Cargo fires occur so infrequently that awareness of the risk can slip under the radar. Yet such an incident on board a vessel can have disastrous consequences including loss of life or catastrophic loss of the vessel involved. With the average cost of a cargo fire at several million USD, cargo fires are not a risk to be overlooked.
The Swedish Club, working in conjunction with Burgoynes, experts specialising in the investigation of fires, explosions and other major incidents, has produced a handbook, ‘Fire! A guide to the causes and prevention of cargo fires’, which can be used alongside the regulations to assist seafarers in their daily loss prevention efforts.
‘Fire!’ offers loss prevention advice on a number of incidents – focusing specifically on self-heating cargoes, but also examining those vessel fires caused by other sources such as cargo hold lights, fumigation, movement of cargo and of course smoking and hot work. It also highlights how different vessel types fare when the frequency of cargo fires is compared. Tanker figures are found to be relatively low, a testament to the tight regulation and safety culture that exists in this industry. On the other hand ro-ro figures are surprisingly high due to the non-homogeneous nature of the cargo they carry.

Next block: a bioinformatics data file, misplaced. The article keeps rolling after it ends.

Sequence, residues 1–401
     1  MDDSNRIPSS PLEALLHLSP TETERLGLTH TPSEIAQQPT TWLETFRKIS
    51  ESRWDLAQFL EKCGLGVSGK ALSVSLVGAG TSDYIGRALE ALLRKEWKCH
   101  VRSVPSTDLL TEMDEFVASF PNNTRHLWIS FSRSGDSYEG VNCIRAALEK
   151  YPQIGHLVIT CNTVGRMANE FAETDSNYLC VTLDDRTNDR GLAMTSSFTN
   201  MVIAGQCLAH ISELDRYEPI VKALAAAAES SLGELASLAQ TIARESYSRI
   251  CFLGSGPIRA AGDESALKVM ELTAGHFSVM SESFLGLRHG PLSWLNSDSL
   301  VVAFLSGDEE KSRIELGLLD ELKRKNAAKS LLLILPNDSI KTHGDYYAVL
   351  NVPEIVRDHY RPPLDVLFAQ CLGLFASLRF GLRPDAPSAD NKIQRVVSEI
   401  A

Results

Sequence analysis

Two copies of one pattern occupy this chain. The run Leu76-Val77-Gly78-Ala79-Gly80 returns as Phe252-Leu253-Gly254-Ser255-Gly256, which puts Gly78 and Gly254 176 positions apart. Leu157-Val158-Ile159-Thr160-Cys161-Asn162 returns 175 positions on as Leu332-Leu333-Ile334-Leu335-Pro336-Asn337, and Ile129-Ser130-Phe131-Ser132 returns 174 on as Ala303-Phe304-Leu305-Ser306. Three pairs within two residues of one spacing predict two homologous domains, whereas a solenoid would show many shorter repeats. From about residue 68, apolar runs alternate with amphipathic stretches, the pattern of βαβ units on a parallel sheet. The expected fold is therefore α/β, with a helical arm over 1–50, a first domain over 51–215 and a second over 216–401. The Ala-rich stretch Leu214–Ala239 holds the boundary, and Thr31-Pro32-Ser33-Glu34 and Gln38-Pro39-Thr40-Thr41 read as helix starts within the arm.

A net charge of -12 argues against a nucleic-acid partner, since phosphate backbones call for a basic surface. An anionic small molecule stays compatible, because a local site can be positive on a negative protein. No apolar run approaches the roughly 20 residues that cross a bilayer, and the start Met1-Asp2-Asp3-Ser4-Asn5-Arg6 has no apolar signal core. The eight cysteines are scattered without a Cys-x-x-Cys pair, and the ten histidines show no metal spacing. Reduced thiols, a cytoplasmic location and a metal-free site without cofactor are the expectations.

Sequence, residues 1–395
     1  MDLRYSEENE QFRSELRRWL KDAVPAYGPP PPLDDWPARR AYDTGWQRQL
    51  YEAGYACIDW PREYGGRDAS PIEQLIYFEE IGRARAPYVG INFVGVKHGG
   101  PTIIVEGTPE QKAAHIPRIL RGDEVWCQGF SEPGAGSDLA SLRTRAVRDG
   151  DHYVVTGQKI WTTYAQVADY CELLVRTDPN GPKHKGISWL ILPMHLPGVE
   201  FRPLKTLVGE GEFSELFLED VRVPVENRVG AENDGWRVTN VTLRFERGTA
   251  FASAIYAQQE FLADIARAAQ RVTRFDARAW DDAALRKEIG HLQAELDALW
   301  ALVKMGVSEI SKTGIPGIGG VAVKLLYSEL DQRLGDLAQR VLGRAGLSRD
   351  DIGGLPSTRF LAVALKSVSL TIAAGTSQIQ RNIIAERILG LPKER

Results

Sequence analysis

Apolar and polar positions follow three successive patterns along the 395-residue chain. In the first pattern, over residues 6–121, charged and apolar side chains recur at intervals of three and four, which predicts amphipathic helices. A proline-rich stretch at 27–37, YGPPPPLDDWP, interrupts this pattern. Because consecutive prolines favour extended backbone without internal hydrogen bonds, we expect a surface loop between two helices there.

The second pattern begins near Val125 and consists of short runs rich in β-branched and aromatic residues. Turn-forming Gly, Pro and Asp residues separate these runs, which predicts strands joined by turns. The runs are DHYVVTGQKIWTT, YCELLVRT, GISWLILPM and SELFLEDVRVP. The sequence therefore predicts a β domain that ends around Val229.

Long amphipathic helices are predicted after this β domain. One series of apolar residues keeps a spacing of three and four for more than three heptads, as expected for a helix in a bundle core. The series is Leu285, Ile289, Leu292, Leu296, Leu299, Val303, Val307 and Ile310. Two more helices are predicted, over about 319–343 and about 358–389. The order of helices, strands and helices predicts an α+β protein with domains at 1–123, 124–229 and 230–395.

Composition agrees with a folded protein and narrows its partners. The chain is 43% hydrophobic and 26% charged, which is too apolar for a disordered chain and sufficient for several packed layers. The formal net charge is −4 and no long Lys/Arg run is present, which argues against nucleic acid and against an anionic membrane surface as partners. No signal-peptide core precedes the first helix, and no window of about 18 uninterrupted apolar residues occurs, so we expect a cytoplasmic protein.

Lars A. Malm, The Swedish Club’s Director Strategic Business Development & Client Relations, is clear about the importance of the guide: “When a fire breaks out on board a vessel there is no fire service ready to assist in extinguishing it – that is up to the crew themselves. All those who have worked on board a vessel are aware of the difficulties involved with managing a fire and the crucial importance of fire prevention.”
Burgoynes Partner, Neil Sanders, explains: “Self-heating and related issues can affect a wide variety of cargoes including coal, iron in the form of direct reduced iron (DRI), metal turnings, charcoal, seed cake, biomass, fertilisers, solid chemicals and liquid chemicals. Whilst the full relevant International Maritime Solid Bulk Cargoes Code (IMSBC) or International Maritime Dangerous Goods Code (IMDG) requirements must always be understood and followed, ‘Fire!’ is aimed at supporting that understanding and providing valuable support to the seafarer.”
Source: The Swedish ClubPrevious Next